The HK-2 cells were trypsinized, collected and then labeled using an Annexin V-PI apoptosis kit (Dijindo). The cells were incubated with fluorescein isothiocyanate (FITC)-labeled Annexin V and propidium iodide (PI) solution in the dark for 15 min. Flow cytometry was conducted using FACS Calibur FL1 (530 nm) bandpass filters (Becton Dickinson), and the data were analyzed using CellQuest software (BD).
Western Blotting and Analysis
HK-2 cells were lysed using radioim-munoprecipitation assay (RIPA) buffer (Pierce) supplemented with protease inhibitor cocktail (Roche). The protein samples were subjected to routine sodium dodecyl sulfate polyacrylamide gel electrophoresis and transferred to a nitrocellulose membrane and incubated with primary antibodies overnight. The primary antibodies against HIF-1α (H1α 67), FAS (A-20) and β-actin (I-19), were purchased from Santa Cruz Biotechnology. Antibodies against NIX and BNIP3 (EPR4034) were purchased from Abcam. Antibody against p53 was purchased from Cell Signaling Technology. Antibody against HIF-2α was purchased from Novus Biologicals. Antibody against glucose transporter-1 (GLUT-1) was purchased from Proteintech Group. A horseradish peroxidase-conjugated secondary antibody (Santa Cruz Biotechnology) and enhanced chemiluminescence (Pierce) were applied for protein detection. The relative expression of the protein bands was quantified by densitometric scanning using Image Pro Plus (Media Cybernetics) and standardized for densitometric analysis to β-actin levels.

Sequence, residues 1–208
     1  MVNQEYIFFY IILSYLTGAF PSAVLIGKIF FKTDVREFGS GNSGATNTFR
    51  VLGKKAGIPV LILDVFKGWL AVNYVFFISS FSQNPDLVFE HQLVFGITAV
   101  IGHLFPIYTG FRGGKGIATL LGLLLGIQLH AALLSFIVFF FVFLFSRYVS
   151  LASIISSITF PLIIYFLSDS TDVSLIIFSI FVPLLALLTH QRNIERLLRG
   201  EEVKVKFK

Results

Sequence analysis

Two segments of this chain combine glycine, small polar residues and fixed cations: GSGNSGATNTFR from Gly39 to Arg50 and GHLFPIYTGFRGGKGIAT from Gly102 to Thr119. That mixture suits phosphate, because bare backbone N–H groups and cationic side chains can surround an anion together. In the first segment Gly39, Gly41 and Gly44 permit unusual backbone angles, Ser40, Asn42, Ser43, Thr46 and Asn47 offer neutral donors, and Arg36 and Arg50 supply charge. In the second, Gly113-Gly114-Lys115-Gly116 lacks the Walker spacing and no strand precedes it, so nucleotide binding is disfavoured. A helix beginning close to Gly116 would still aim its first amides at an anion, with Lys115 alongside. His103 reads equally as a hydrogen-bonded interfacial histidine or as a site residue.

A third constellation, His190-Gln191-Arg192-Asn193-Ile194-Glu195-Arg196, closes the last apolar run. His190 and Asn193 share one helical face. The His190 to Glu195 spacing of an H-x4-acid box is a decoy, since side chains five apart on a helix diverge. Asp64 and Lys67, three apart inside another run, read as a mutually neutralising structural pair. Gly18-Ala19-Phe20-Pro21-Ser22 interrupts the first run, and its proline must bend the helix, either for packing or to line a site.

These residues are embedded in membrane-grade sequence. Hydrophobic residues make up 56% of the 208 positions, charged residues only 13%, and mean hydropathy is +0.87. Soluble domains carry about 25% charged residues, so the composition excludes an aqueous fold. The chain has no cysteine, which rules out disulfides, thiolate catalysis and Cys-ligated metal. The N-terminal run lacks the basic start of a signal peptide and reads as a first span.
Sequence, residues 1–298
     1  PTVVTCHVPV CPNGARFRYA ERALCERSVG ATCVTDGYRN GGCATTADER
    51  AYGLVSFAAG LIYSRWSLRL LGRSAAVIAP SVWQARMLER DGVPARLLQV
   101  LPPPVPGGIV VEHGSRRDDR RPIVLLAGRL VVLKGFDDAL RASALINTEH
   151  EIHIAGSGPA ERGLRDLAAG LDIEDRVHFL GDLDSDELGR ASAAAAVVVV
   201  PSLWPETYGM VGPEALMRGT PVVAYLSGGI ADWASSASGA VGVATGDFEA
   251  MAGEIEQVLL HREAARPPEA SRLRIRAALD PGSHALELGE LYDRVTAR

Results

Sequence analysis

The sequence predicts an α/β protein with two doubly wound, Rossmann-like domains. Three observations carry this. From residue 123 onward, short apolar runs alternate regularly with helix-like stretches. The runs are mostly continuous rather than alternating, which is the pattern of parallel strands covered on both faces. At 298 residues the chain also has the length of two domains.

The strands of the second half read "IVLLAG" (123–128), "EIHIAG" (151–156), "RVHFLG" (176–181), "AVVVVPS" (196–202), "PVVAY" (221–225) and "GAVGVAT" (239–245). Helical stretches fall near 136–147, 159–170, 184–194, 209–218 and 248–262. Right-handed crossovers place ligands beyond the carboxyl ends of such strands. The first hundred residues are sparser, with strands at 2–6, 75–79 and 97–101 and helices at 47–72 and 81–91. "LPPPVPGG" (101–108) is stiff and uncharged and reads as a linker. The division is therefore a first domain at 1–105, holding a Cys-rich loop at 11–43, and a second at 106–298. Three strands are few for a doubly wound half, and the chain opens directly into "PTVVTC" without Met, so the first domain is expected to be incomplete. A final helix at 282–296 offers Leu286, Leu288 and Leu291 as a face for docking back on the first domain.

Kidney Periodic Acid-Schiff Staining and TdT-Mediated dUTP Nick-End Labeling Assay
Kidney tissues were fixed with 10% neutral buffered formalin for 48 h and then embedded in paraffin and cut into 3–5 µm sections using routine methods. The kidney tissue samples were stained with periodic acid-Schiff (PAS) (Sigma), and histologic structures were examined under a light microscope. Kidney TdT-mediated dUTP Nick-end Labeling (TUNEL) assay was performed using an In Situ Cell Death Detection Kit (Roche), according to the manufacturer’s instructions. Three images per kidney (eight kidneys per group) were acquired, and the positive cells were counted individually.
Luciferase Reporter Assay
The predicted seed sequence of miR-210 in the 3′UTR of human HIF-1α mRNA (length: 220 bp) and the corresponding mutant sequence (length: 220 bp) were constructed into modified pGL3-Luc control luciferase reporter plasmids (Promega). These plasmids were co-transfected into HK-2 cells with a miR-210 mimic or a negative control, as indicated. After 48 h of transfection, the cells were lysed with passive lysis buffer (Promega). Luciferase activity was measured with a dual luciferase assay system (Promega), in accordance with the manufacturer’s protocol.
Primary Glomerular and Tubular Cell isolation